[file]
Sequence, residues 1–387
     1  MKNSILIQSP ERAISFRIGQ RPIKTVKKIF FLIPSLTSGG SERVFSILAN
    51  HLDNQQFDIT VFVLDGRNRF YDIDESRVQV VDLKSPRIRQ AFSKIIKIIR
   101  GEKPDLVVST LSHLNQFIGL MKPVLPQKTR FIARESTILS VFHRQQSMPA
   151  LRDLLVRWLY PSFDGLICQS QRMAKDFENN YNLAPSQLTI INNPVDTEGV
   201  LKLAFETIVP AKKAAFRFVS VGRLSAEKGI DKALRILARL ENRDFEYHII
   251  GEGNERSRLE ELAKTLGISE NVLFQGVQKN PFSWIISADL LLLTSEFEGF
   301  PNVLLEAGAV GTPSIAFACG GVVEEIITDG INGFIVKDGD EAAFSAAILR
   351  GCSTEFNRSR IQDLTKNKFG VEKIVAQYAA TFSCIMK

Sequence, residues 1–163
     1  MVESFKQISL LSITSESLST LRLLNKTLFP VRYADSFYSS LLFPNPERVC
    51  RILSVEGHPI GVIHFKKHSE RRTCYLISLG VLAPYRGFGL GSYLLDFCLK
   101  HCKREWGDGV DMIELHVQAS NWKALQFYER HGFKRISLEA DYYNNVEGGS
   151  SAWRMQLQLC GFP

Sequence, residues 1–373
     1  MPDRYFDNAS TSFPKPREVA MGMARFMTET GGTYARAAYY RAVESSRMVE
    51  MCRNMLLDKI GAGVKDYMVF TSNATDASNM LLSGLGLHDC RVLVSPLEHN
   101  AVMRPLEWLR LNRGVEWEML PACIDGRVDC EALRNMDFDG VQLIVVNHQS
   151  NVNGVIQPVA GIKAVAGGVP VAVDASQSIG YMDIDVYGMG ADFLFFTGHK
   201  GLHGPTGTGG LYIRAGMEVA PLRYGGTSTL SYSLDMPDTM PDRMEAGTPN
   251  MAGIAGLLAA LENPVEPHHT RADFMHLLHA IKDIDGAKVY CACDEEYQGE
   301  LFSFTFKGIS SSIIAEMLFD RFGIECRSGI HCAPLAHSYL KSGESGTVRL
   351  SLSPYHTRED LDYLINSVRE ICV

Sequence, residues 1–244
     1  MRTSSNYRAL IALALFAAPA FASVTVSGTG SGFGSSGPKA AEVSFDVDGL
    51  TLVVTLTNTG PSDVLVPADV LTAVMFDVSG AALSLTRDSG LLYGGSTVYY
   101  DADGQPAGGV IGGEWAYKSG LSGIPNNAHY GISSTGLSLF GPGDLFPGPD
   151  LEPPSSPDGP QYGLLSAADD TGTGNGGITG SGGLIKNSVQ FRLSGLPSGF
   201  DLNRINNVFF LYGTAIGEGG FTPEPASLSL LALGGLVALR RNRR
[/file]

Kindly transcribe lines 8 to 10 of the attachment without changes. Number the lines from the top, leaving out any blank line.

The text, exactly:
   301  PNVLLEAGAV GTPSIAFACG GVVEEIITDG INGFIVKDGD EAAFSAAILR
   351  GCSTEFNRSR IQDLTKNKFG VEKIVAQYAA TFSCIMK

Sequence, residues 1–163